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Yesterday, I uploaded lots of great photos I received from Jenny West. Also included with the photos was an old letter that Lewis Fowler, my second great-grandfather, wrote to his son, Oliver Fowler, on Christmas Eve in 1920.
I thought the letter was interesting enough it deserved its own blog entry.
I edited the punctuation and spelling.
Dec. 24, 1920
Well Wilson, I received your letter day before yesterday. Was glad to hear from you all again. We have been waiting for a long time. We didn’t know what had become of you. (?) …it may find you all well. We have just got done gathering week before last.
I have just returned from Jackson. I went to see Daisy and the children. They were all well and I am thinking of going up to Chestnut (Grove) in a few days after xmas if the Lord wills.
Mollie says tell you ever since you went back they are all well.
What has become of the children? Vassie and Rose Lee used to write to me and Willie and Otis, where are they? I would love to hear from you all.
You asked me if times was hard out here. Yes, times are harder here than I have (?)
Ed Patterson says his advice is to try to get through the winter the best you can. He says he can live on lizards and grasshoppers until next summer. He says for you to (?) and go on trusting in the good Lord.
When he wrote this letter in 1920, Lewis was 72 and living with my great-grandparents, Ruby and Jim Lovelace. His wife, Sarah Patterson Lovelace had died in January of that year.
Guy Lovelace, my grandfather, was three years old. Also living in the home was Ovid (age 13), Earl (age 12), Blanche (age 9), Homer (age 5), and Otha (6 months). Two Fowler nephews were also living with the Lovelace family: Jissie (age 13) and Leslie (age 11). I am uncertain of the identity of their parents.
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Lovelace Family in 1920 U.S. census
Living two farms over was Ed Patterson to whom Lewis referred in his letter. Ed was married to Eva Pearl Lovelace who was Jim Lovelace’s sister. Lewis’ wife was also a Patterson but I’m not certain of the connection.
Lynn Lovelace and his family was living just a few farms over in 1920. Lynn was Lewis’ uncle. He and Lewis’ father, Thomas A. Lovelace, were brothers.
For me, old letters like this really open up a small window into the past and show the personality of my ancestors much more than photos and other records. Even from this short letter, you get a sense that Lewis Fowler loved his children and grandchildren and was interested in what they were doing and enjoyed visiting with them. If he were around today, he would be posting photos of his grandchildren on his Facebook page.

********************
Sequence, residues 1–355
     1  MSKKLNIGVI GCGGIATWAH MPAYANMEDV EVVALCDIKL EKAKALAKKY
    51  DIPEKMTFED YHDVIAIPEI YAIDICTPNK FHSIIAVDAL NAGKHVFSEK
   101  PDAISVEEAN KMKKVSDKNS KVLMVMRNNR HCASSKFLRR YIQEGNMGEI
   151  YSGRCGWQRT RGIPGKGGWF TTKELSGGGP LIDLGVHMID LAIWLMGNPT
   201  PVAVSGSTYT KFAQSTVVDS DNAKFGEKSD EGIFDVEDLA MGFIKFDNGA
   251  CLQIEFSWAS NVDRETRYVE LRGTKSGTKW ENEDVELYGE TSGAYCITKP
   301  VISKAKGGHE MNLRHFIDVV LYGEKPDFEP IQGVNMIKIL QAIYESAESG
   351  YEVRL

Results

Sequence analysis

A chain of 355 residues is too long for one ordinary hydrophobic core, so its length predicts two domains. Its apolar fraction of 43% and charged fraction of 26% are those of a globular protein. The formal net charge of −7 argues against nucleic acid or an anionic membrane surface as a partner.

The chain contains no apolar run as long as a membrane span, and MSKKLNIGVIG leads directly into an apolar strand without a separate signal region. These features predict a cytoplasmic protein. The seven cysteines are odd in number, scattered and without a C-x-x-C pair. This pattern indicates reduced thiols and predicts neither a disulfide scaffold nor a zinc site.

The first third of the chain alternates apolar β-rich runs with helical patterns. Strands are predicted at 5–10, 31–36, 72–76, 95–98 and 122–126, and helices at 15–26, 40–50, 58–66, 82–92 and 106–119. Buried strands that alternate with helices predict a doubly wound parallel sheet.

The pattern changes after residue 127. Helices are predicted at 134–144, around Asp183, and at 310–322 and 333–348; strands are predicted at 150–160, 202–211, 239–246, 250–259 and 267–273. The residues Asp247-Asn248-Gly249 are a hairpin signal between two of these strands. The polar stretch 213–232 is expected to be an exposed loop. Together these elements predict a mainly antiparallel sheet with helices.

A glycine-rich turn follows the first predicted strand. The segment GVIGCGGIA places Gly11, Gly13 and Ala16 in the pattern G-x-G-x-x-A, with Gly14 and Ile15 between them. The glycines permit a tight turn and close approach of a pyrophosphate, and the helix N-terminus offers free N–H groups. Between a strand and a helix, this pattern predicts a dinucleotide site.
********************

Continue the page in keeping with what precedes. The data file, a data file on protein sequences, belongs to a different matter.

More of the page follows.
You can also tell that, although times were hard for them, he had a good sense of humor, including Ed Patterson’s comment about living off lizards and grasshoppers.
At some point in the next 10 years, Lewis went to live with his daughter, Mollie, and her husband, G.W. Parker. They were obviously more well-off. In the census of 1930, Mollie was 59 while G.W. was 70. Their farm was valued at $2,500 and living with them was their daughter, Geraldine and a 21-year-old “servant,” Rosa Brooks.
Mollie and G.W. had married 18 Feb 1901 when Mollie was 30. I don’t know much more about them.
The only bad thing about old letters is they leave me wanting more. The moment that small window opens, it slams shut again. Letters like this are rare and unfortunately many ended up in the trash after being read or once the recipient died.
It’s sad to think our own descendants won’t have old letters to discover. Just a bunch of emails, texts and blog posts if some version of all this digital data survives into the future in some way.
Of course, I’ll continue to look for more old letters and photos so if they are able to read these blogs in the future, at least they’ll have that.
For more blog entries, visit my Blog Home Page or to check out the genealogy research about my specific family lines, go to my Haywood County Line Genealogy Website. You can read more about the Fowler family on their page of my website.